What can we do about internet outrages?
The answer to better internet does not, as it turns out, require more modems. (Photo by Kathie Obradovich/Iowa Capital Dispatch)
While more than 210,000 Iowans were angrily waiting out a massive Mediacom internet outage last week, my home office was in the throes of a three-week outrage with that other provider. You know which one it is, of course, because there are only two choices in most of Des Moines.
When CenturyLink said we had to upgrade to a fiber connection by June 30 or lose service, I of course shopped around to see if we could get a better deal elsewhere for a high-speed connection. It didn’t take long, especially once I learned that Metronet, a new high-speed provider that has moved into some of the suburbs, was not available yet in my neighborhood. (There are also a couple of satellite and cellular providers.)
I set up an appointment with CenturyLink for installation, which led to about three days of house arrest. As everyone knows, you get an eight-hour window for the service call. The installer did not arrive until mid-afternoon two days after the scheduled date. When he left, we had internet service – extremely slow service that was no longer accessible in most of our house.
Then began hours and hours of wait time associated with speaking to a human with the company’s hilariously named “customer service” department. Their main service, it turns out, is putting customers on hold for hours, then transferring them to a dial tone.
One “customer service” suggestion was that we go buy a signal booster, which we never needed before their “upgrade.” Eventually, some “customer service” representative decided we needed a new modem, which we received from a parcel delivery service a few days later.
When that modem didn’t work at all, my husband went through the phone purgatory process again and received a third new modem – and another installation appointment. By now, we have enough modems to start our own internet service, at least for the neighborhood.
The latest modem was never even unpacked. After another week or so of house arrest waiting through more missed appointments, the new service person finally arrived last Tuesday. He said there was nothing wrong with the modem. That’s just what “customer service” tells everyone, he said. In fact, the fiber connection was installed wrong.
Our little nonprofit newsroom does have an office where I theoretically could go get some work done while our internet was down last week at home. I say “theoretically” because the wifi at the office is from Mediacom, which also was down.
I have an internet “hot spot” on my cell phone, so I could still edit and post stories for Iowa Capital Dispatch. I pay a lot for that through a high-end service plan, but it has been a lifesaver. After the derecho storm in August 2020, most of our staff huddled in the office to use my phone’s internet connection. It was like being the only person with a match in one of those survival movies. (You could stream one if you had internet service.)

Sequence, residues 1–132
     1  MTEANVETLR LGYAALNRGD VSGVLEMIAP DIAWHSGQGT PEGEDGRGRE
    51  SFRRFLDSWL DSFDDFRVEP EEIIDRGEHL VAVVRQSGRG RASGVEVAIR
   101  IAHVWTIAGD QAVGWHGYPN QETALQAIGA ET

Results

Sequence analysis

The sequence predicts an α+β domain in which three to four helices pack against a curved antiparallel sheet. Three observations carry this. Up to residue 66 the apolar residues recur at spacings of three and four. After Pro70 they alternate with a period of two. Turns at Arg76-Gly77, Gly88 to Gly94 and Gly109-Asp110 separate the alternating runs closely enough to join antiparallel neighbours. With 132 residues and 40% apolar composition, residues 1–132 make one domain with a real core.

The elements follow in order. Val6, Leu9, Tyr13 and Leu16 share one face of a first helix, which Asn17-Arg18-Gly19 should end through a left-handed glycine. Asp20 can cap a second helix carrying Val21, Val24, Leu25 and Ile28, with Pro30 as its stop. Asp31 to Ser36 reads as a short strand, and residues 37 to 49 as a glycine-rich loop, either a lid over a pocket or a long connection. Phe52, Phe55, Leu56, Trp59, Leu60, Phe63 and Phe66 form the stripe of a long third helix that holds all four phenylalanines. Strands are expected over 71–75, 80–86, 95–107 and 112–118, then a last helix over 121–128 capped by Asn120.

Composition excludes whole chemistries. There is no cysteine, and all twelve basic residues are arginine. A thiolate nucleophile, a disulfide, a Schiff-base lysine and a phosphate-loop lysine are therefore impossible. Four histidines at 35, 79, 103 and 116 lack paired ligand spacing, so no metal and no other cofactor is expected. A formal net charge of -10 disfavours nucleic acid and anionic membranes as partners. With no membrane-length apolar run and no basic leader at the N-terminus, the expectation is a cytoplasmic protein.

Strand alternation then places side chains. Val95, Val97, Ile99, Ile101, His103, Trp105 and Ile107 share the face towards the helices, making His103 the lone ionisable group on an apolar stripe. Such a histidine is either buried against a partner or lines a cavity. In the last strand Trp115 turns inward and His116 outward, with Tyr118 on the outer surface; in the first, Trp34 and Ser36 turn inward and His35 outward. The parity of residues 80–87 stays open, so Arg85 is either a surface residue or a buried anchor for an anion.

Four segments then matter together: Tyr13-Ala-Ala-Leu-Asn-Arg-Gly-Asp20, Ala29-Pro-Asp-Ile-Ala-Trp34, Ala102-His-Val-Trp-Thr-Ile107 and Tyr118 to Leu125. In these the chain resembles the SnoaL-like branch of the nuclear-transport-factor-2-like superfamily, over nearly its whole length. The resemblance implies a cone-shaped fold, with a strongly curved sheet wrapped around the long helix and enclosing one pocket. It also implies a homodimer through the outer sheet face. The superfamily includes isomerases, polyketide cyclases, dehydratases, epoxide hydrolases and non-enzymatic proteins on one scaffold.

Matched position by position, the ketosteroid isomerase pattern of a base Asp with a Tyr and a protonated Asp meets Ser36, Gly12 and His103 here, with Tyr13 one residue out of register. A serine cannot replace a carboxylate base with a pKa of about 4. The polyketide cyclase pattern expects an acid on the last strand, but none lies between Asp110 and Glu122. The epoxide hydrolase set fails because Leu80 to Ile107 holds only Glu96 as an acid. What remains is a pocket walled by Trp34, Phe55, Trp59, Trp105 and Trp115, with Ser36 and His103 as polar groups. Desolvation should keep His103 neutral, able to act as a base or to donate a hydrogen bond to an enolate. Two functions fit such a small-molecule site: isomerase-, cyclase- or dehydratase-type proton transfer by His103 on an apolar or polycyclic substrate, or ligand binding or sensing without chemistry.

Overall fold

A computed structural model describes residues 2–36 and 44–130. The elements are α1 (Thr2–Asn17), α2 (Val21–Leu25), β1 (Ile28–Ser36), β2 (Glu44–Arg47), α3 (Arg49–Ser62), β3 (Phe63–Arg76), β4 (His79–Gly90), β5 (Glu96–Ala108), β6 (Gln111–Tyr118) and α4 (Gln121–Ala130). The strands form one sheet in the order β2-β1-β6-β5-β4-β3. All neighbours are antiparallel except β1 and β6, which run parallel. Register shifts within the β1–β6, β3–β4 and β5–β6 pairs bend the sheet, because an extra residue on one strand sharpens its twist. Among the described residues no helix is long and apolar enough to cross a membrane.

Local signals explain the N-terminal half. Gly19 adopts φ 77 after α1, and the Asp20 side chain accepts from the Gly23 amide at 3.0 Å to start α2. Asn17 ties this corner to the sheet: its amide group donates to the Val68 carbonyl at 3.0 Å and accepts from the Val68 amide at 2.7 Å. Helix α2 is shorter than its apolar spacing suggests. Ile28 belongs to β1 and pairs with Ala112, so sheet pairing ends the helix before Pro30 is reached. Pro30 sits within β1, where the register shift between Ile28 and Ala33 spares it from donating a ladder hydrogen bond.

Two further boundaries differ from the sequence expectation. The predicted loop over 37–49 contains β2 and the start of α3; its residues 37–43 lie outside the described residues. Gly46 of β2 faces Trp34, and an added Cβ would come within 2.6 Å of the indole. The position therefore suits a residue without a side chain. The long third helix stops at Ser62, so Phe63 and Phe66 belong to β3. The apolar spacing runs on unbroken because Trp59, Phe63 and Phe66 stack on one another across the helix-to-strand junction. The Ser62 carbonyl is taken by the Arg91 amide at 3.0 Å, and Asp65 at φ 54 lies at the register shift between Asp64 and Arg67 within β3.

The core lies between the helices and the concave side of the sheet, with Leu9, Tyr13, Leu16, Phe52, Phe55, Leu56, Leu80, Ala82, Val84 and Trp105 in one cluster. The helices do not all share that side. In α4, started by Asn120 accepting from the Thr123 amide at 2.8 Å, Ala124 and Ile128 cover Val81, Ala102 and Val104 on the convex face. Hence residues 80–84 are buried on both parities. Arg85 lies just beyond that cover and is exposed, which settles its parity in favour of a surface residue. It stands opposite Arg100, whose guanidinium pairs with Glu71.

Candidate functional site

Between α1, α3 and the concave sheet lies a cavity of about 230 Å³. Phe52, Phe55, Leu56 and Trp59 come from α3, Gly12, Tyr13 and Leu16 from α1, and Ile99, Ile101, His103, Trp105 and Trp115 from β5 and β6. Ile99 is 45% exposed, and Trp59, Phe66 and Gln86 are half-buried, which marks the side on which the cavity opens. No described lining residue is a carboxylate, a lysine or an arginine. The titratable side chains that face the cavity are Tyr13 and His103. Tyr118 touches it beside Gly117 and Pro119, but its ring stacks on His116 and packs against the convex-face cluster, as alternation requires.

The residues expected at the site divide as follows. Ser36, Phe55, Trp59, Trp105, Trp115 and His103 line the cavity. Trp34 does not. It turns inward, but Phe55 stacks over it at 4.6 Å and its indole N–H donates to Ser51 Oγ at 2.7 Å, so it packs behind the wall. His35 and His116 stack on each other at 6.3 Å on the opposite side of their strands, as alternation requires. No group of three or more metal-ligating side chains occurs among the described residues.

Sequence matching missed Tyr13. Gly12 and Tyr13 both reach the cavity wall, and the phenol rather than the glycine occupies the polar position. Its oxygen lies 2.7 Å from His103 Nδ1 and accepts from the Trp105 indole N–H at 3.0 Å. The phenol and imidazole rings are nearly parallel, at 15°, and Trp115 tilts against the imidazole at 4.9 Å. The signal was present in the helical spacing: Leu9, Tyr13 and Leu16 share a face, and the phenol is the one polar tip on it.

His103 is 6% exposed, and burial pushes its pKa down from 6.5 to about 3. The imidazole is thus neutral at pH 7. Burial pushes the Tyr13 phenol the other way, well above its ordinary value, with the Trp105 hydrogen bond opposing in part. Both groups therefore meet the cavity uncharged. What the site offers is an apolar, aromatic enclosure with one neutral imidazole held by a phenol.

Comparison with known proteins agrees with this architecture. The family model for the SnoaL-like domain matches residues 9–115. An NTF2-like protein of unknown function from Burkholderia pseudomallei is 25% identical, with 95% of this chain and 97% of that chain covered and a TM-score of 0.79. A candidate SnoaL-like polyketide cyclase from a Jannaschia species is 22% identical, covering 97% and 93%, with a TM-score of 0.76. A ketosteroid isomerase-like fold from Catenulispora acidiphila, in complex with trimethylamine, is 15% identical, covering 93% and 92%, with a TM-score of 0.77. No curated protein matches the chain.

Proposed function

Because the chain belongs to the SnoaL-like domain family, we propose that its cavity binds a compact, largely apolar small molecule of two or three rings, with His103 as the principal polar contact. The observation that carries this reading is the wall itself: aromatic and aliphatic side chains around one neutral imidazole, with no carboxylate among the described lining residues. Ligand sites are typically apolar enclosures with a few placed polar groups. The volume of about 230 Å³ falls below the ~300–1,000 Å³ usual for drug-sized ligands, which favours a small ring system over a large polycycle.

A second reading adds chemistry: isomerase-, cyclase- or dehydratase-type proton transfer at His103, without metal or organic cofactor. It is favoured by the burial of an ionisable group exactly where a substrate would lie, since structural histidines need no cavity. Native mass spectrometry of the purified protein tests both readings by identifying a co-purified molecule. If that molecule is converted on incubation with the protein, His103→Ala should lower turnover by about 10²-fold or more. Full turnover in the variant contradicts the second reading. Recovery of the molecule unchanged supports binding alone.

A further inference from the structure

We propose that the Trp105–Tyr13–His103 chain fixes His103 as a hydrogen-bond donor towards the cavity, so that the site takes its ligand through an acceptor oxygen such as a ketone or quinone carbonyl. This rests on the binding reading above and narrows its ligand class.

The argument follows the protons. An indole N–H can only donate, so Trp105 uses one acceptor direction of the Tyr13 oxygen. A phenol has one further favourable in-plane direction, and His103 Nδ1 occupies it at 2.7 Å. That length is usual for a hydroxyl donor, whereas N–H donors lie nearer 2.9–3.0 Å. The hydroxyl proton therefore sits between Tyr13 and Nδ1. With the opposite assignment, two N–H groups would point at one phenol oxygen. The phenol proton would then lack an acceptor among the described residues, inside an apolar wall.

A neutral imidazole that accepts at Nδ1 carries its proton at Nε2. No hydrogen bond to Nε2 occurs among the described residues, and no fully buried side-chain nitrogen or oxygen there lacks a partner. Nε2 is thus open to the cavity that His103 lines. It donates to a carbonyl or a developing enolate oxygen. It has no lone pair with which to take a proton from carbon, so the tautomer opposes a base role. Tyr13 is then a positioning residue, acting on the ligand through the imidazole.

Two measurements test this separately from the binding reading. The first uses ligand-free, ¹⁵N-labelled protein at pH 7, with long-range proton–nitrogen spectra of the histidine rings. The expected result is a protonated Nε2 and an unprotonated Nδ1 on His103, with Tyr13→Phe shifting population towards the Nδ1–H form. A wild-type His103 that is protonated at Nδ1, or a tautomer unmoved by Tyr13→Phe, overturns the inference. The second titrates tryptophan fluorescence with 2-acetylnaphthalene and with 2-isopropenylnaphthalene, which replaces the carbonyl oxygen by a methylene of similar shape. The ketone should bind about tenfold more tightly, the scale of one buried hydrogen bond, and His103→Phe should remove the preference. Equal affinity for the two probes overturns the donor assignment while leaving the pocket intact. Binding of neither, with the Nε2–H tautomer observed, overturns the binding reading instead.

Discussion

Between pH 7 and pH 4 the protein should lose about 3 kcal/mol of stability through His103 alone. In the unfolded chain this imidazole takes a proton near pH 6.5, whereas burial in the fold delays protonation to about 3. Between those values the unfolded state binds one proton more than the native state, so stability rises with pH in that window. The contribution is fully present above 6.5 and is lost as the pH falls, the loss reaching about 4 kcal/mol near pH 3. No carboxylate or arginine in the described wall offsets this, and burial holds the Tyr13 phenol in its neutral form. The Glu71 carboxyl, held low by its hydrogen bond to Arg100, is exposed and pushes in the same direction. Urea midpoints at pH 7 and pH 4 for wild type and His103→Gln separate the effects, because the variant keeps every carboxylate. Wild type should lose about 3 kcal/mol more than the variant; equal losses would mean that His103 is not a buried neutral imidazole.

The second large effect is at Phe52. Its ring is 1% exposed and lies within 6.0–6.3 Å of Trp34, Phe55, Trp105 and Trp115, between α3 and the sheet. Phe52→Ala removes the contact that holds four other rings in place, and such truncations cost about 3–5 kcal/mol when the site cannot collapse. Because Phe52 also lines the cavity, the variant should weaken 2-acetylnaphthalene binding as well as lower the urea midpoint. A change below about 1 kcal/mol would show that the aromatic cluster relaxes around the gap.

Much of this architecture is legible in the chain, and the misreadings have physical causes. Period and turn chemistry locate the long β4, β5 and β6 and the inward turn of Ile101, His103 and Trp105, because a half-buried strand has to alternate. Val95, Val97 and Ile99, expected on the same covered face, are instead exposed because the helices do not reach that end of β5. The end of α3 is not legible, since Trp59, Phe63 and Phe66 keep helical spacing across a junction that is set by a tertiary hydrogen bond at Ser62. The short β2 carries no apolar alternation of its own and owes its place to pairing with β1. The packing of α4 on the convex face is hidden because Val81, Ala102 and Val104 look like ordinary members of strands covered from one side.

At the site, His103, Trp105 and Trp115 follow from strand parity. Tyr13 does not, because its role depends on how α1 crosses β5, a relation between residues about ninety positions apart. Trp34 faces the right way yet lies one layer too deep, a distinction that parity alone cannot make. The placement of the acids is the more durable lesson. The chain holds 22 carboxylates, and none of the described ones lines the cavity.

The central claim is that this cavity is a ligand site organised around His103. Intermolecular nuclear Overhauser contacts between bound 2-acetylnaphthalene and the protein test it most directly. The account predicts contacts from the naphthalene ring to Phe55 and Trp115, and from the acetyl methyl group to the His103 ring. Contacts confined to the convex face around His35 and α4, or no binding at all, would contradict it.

Still, I understand the primal screams on social media about the Mediacom outage. Internet downtime is extremely costly to businesses and disruptive to everyone else. Everybody hates internet service providers and we all know why. What are our policymakers willing to do about it?
As taxpayers, we are spending hundreds of millions of dollars in Iowa alone for expansion of broadband service to underserved, mostly rural parts of the state. Iowa has awarded $880 million over the past three years for broadband expansion, and more money is coming from the federal government.
Most of us agree that’s important. But the state has not addressed the lack of competition in urban areas, where most of the demand is located. When West Des Moines decided to help Google Fiber get started, the city ended up having to pay Mediacom $600,000 to settle a lawsuit and give the company access to parts of the city-owned fiber network.
The state of Iowa was way ahead of its time in building a government-owned fiber optic network – and taxpayers paid the price for a steep learning curve. For years, lawmakers looked at trying to dump the network, only to learn the state would lose most of its investment in a sale. But the network has since completed a massive, multiyear 100GB upgrade and now provides service not only to state agencies and schools but also public safety agencies and health care providers.
That’s not an answer to Iowa’s consumer needs, however. Most of us would not want government-owned internet even if it were available. Some have suggested regulating broadband providers as a utility, given the public interest in reliable, affordable, secure service. I don’t know if that’s the answer, although it seems worthwhile to have the discussion. Or maybe there’s a way to help and guide cities like West Des Moines whose residents want to foster more competition and choices in service providers.
Given the hundreds of millions of taxpayer dollars going to build out service to sparsely populated areas of the state, maybe lawmakers could spare a few bucks to study what it would take to improve broadband service for everyone.
In the meantime, my new hobby for the near future is packing up and returning excess modems so I don’t get charged for them. “Customer service” will want to send them back out to more people who don’t need them.
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